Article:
play on words, but it plays off American perceptions of Russia as a strict police-state. Commonly misattributed to 80s comedian Yakov
Smirnoff, it was first popularized on the 60’s show ‘Laugh In’, where the recurring
character Piotr Rosmenko quipped ‘””In old country, television watches you””. While the
Cold War experienced a period of low conflict in this era, anti-russian propaganda like
this showcased the ongoing tension between the countries. However, what appears to be the joke’s actual
origin was the line ‘In Soviet Russia, messenger tips you!’ This appeared in a 1938 American
musical called ‘Leave It to Me!’, 7 whole years before the cold war. All giving an idea
of the sentiments that precipitated and encouraged the almost 50 year conflict. 5. Dumb Blonde Jokes In this joke, the word ‘blonde’ is effectively
used a substitute for ‘stupid’. For example, ‘Why did the blonde tiptoe past the medicine
cabinet? So she didn’t wake the sleeping pills.’ The joke content varies, but all
work on the assumption that blondes, specifically women, aren’t very clever. This idea originates from the ‘dumb blonde’
stereotype, often wrongly attributed to Marilyn Monroe. While the American cliche was popularized
by Monroe in the 1953 film ‘Gentlemen Prefer Blondes’, its source can be traced across
the Atlantic. From the 18th century, a Parisian sex-worker
called Rosalie Duthé [Doo-they] is considered to be ‘the original dumb blonde’. Duthé
was characterised by her long, vacant pauses, and was immortalized in a play called ‘Les
Curiosites de la Foire’, publicizing the first ever dumb blonde jokes. 4. That’s What She Said The phrase ‘That’s what she said’ is
typically used after someone has said something innocuous that could be, let’s say ‘taken
the wrong way.’ And you guessed it, that’s what she said. It’s first documented American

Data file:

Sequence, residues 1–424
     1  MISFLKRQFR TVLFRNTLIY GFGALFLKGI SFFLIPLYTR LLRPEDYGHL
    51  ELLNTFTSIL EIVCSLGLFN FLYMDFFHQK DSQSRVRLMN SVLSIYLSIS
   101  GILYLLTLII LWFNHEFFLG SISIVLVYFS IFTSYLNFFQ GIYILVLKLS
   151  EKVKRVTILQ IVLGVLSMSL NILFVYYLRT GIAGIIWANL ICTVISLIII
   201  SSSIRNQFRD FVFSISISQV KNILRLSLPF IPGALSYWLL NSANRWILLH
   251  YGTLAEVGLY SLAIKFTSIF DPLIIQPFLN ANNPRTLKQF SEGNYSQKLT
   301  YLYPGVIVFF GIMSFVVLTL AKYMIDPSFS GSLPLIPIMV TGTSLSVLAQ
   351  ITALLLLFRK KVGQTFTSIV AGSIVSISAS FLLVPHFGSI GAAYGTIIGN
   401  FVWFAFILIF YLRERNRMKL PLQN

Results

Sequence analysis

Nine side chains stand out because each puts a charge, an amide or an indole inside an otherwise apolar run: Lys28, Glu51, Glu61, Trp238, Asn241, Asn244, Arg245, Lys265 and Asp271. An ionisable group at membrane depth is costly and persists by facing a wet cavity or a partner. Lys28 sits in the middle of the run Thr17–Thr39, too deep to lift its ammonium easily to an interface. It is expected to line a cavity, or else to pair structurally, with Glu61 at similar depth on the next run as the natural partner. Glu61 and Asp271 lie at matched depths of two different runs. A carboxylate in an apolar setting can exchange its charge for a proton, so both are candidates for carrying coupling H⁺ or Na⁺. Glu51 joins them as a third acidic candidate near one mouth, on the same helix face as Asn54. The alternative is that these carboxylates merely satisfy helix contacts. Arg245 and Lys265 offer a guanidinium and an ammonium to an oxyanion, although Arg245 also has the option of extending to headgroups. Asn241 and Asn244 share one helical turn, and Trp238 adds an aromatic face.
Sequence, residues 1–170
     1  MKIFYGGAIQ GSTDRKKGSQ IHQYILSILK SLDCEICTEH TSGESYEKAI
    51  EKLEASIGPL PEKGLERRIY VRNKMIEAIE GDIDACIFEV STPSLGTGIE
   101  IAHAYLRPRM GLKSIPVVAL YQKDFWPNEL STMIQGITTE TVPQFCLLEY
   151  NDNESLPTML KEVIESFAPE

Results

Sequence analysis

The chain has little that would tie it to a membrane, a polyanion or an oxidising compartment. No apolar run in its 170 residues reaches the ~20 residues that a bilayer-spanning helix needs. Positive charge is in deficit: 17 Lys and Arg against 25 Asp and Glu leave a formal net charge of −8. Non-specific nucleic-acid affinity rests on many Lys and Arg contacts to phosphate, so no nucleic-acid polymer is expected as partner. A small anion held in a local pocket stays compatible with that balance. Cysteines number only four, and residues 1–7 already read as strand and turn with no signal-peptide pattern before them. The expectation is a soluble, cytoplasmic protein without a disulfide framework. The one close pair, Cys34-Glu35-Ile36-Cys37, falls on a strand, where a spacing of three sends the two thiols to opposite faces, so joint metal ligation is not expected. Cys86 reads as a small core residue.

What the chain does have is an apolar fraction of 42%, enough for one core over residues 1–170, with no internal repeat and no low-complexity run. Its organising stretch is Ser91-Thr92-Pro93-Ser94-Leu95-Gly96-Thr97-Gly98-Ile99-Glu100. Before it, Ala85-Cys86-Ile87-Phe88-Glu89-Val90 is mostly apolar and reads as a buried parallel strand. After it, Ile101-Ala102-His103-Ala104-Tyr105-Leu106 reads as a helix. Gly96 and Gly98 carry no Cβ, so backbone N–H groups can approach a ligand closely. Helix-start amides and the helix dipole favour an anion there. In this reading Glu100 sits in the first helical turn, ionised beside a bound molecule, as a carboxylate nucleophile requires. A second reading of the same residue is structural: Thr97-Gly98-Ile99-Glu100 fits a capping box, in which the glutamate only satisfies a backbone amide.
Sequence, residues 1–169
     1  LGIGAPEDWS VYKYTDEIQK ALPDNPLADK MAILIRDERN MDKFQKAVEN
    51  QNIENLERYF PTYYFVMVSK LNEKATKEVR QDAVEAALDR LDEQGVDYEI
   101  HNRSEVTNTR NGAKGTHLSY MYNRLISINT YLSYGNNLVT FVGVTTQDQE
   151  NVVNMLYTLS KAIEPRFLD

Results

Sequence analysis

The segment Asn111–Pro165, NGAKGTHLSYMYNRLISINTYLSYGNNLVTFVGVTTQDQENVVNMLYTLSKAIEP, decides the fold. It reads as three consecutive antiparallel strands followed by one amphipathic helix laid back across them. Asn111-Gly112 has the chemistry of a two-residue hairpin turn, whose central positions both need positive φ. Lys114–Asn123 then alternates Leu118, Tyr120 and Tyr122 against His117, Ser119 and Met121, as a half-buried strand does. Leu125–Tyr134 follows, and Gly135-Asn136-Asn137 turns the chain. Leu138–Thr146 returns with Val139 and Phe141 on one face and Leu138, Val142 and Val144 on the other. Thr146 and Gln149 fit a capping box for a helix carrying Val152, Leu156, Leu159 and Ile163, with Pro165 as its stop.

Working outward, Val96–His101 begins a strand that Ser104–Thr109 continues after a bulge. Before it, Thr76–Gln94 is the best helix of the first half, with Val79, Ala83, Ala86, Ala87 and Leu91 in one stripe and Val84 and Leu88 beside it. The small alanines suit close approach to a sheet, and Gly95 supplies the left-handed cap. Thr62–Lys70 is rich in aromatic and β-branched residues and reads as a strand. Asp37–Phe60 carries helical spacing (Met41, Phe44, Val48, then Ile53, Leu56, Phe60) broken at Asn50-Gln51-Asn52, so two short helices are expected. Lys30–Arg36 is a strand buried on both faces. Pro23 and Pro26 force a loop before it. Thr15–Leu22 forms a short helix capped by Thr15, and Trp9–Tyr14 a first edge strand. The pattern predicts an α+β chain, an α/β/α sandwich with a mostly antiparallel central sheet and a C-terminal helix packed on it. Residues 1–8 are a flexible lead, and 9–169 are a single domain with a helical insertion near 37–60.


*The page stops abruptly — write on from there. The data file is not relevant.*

use was by Chevy Chase in the first ever series of Saturday Night Live in 1975. It’s more likely you’ve heard the phrase
from Michael Scott in the US Office, but, as with the show, the line derives from what
some would call a much funnier British version. The original British phrase is ‘As the actress
said to the bishop’, and dates back as far as 1901. Emerging from Edwardian Britain, this refers
to the fact that some actresses of the time could be purchased for the evening after the
show. The actress would then confess her sins to a clergyman the following day, which is
the conversation people were referencing in the first ever ‘That’s what she said’
jokes. 3. Waiter Jokes The ‘Waiter’ premise revolves around a
diner in a restaurant addressing their server with a complaint, most famously a fly in the
soup, and the waiter’s humorous or unhelpful response. For instance, the waiter might respond
‘Don’t worry, how much soup can a fly drink?’ It’s commonly believed that this construct
originates from an actual restaurant called Lindy’s. Established in New York in 1921,
the restaurant was famous for the witty backchat of its waiters, and the waiter joke format
is thought to have been born in the establishment. As for the ‘fly’ aspect of the joke, its
roots go back to the early 16th century. The book One Hundred Renaissance Jokes, cites
an epigram by Sir Thomas More, where a banquet guest finds a fly in his wine. He removes
the fly, takes a drink, then replaces it, passing the drink on saying: ‘I don’t like
flies myself, but perhaps some of you chaps do’. 2. Yo’ Mama The aim of the yo’ mama joke is to insult
the person who gave birth to your opponent, effectively undermining their whole existence.
The format is as follows: ‘Yo’ mama is so something, that she something. For example
‘So dumb she put lipstick on her forehead to make up her mind’. These were popularized in 1930’s inner city
America, by African Americans who played a game called the Dozens. One of the precursors
for the invention of freestyle rap, it saw two people trade insults until one ran out.